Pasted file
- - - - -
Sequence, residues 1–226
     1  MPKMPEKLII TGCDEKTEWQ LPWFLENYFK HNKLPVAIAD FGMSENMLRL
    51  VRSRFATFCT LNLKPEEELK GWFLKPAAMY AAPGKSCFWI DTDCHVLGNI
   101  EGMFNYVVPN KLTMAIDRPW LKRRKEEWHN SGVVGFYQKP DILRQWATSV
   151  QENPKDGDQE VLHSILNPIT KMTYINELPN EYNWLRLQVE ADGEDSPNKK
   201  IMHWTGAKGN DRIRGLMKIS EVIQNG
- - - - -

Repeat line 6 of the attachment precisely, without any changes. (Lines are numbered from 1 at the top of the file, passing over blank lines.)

   201  IMHWTGAKGN DRIRGLMKIS EVIQNG